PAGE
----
- Associated Press - Friday, October 21, 2016

ATLANTA (AP) - Georgia doesn’t have to reveal information about its execution drug to two Mississippi death row inmates, a federal judge in Atlanta has ruled.

The inmates, Richard Jordan and Ricky Chase, sought the information as part of a legal challenge to Mississippi’s three-drug execution protocol. U.S. District Judge J. Clay Fuller wrote in an order Thursday that Georgia law prohibits the release of the information and granted the state’s request to quash the inmates’ subpoena.

Jim Craig, an attorney for Jordan and Chase, said Friday they are still reviewing their options and considering what steps to take next.

The inmates say Mississippi’s three-drug method is torturous and unconstitutionally cruel, and they question why that state doesn’t adopt a one-drug execution method as other states, including Georgia, Missouri and Texas, have done. They have sought details about how those states obtained execution drugs to meet their legal burden of showing there’s a known, available alternative.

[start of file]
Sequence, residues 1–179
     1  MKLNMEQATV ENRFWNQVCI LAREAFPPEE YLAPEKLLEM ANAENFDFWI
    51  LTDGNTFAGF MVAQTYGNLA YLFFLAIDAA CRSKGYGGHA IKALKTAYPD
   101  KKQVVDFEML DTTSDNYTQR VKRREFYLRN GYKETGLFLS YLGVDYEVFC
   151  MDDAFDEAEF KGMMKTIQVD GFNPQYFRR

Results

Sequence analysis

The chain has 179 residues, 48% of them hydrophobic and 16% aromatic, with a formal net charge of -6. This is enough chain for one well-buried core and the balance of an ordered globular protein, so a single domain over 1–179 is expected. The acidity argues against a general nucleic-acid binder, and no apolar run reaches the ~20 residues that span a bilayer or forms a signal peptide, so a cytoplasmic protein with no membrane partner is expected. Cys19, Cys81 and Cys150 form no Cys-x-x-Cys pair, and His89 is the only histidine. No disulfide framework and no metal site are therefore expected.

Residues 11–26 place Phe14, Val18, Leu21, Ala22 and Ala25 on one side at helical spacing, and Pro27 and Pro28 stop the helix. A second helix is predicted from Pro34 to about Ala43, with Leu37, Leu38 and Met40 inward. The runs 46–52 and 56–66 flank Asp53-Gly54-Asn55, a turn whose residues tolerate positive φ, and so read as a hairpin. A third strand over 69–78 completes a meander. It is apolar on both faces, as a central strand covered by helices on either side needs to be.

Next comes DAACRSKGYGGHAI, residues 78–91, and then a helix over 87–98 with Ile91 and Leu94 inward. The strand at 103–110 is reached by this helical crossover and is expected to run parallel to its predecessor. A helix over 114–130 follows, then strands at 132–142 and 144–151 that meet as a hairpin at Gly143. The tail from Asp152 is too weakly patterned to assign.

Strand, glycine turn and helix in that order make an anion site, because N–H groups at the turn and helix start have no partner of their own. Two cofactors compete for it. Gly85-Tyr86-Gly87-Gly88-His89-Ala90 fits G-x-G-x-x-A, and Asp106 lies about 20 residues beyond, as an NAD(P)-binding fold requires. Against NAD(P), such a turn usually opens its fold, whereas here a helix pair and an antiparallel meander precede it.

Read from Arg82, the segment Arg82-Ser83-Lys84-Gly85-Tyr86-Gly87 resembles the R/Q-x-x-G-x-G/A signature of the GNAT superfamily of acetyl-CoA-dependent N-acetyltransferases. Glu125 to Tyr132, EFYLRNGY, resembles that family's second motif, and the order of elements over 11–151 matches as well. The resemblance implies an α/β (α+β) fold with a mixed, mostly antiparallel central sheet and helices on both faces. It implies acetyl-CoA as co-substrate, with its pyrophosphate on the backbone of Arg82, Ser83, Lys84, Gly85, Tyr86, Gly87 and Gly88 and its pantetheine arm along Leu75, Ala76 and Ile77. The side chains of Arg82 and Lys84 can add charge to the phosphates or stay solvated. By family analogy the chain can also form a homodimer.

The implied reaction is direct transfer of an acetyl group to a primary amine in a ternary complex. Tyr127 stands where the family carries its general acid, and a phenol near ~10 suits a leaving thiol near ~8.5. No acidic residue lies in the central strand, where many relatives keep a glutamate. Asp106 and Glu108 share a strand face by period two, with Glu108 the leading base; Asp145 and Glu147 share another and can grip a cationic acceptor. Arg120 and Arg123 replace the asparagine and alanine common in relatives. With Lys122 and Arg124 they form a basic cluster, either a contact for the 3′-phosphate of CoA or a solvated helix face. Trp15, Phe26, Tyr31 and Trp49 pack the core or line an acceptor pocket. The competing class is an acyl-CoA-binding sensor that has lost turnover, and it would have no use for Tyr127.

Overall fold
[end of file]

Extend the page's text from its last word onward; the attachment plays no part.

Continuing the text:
Georgia uses the barbiturate pentobarbital made by an undisclosed compounding pharmacy to carry out executions. A 2013 state law says information that identifies participants in an execution or suppliers of drugs and equipment used in an execution is a “confidential state secret,” meaning it can’t be revealed, not even for a judge’s review or under seal in a court case.

The subpoena sent to Georgia requests a wide variety of documents, including those related to the availability of pentobarbital and Georgia’s decision to switch from a three-drug protocol to a single-drug protocol using a barbiturate.

Fuller acknowledged in his order that the information sought by the Mississippi inmates is relevant to their quest to challenge Mississippi’s three-drug protocol. But he said the information is protected by Georgia’s secrecy law and noted that the 11th U.S. Circuit Court of Appeals has repeatedly rejected challenges to that law filed by Georgia death row inmates.

“Simply put, the Eleventh Circuit has uniformly given Georgia’s Lethal Injection Secrecy Act an expansive reading, essentially viewing it as creating a total ban on the production of information concerning Georgia’s choices in connection with its lethal injection protocol,” Fuller wrote.

A federal judge in Missouri ruled that the state had to disclose the identity of its execution drug supplier, and that ruling was initially upheld last month by a three-judge panel of the 8th U.S. Circuit Court of Appeals. But after holding a new hearing at the state’s request, that same three-judge panel last week reversed itself and ruled the state doesn’t have to release the information.

The inmates are also seeking similar information from Texas, but that effort isn’t quite as far along, Craig said.


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